The physical, mental and emotional benefits of reflexology make it particularly helpful for all stress-related conditions, even when there is no clinical evidence of disease. By inducing a state of relaxation, tension is eased, circulation improved and toxins released and eliminated from the body. And as the body's energies flow there is a renewed sense of health and well being on all levels. Reflexology can benefit, and be enjoyed by, everyone. 

For clients suffering from stress-related illnesses, anxiety attacks, confidence issues or where they may be mentally or emotionally challenged, reflexology can prove to be a life-altering therapy. Self-esteem and confidence can be enhanced significantly, with recipients reporting an ability to deal with difficult situations more ably. They can feel stronger and more in control, with communication improving for some. This often leads to the ability to articulate ideas and express emotions and feelings more readily than previously possible. There may be a general improvement in being able to feel as well as assess and fulfill needs.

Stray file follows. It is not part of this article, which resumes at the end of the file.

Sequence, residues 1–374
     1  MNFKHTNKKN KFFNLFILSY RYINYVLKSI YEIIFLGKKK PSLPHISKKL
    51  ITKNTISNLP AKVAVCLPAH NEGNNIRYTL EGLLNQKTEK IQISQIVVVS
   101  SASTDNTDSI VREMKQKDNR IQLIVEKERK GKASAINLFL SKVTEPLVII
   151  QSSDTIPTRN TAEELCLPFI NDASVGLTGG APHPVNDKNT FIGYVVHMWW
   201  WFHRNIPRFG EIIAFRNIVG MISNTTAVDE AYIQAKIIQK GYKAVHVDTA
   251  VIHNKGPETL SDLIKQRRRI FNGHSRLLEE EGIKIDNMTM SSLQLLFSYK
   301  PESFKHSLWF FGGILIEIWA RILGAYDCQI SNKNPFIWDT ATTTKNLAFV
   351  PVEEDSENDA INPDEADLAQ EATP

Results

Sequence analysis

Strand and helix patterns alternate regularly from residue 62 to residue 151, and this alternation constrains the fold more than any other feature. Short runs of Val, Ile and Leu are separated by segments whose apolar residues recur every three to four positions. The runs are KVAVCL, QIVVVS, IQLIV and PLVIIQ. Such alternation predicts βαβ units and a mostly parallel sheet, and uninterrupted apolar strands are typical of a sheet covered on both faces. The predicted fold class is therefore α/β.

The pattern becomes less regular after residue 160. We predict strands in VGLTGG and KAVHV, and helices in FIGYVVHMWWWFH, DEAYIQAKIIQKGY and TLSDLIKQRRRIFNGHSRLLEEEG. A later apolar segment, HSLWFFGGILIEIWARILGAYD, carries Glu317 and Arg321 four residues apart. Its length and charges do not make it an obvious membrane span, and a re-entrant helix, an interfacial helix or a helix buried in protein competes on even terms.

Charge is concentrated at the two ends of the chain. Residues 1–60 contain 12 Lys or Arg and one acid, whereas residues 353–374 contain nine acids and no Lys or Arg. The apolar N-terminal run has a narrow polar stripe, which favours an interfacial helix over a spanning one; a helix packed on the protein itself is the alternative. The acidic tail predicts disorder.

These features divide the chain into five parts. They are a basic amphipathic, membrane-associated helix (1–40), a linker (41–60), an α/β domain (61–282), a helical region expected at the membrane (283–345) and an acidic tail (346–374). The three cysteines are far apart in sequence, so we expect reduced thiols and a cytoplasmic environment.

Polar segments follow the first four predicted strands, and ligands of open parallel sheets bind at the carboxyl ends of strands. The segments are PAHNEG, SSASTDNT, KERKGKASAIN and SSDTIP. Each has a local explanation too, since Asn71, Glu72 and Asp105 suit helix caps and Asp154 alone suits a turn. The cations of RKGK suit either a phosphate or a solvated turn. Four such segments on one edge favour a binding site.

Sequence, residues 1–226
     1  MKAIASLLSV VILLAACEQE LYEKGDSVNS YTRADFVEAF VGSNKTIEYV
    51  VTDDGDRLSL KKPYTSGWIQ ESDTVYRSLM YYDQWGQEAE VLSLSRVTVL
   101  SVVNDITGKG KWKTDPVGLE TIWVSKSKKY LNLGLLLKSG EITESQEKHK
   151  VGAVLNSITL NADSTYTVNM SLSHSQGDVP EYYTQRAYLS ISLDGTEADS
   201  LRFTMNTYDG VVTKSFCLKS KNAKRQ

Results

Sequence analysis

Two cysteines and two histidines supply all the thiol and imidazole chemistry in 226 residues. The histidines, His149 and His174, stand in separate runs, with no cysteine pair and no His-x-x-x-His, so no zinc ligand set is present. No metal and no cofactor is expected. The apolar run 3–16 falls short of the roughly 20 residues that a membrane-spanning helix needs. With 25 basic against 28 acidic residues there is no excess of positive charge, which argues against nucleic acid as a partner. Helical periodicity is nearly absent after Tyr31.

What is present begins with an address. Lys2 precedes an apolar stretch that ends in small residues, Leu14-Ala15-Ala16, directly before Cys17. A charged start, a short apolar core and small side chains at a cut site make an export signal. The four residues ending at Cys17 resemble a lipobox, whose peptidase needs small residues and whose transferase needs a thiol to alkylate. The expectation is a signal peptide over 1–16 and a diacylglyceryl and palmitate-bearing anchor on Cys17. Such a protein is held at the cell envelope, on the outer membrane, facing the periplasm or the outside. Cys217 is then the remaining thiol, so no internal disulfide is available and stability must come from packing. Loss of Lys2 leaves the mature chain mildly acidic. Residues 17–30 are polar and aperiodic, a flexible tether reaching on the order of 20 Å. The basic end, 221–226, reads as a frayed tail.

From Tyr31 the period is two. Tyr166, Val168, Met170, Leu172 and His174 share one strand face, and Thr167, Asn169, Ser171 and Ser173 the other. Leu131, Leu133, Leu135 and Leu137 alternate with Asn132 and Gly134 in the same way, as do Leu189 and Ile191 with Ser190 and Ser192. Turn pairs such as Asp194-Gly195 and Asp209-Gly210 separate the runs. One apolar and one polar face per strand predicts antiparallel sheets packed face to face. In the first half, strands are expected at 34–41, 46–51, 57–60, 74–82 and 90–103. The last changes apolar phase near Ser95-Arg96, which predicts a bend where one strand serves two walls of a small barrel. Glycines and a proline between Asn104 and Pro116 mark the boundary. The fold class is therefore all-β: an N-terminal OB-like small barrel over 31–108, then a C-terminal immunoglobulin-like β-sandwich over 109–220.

A treatment usually lasts between half an hour and an hour and, if possible, the client should rest for a while afterwards. Occasionally there is a temporary reaction as the body rids itself of released toxins. This will not last long and should be seen as part of the healing process. If there is a reaction, it is wise to eat lightly and drink plenty of fluids.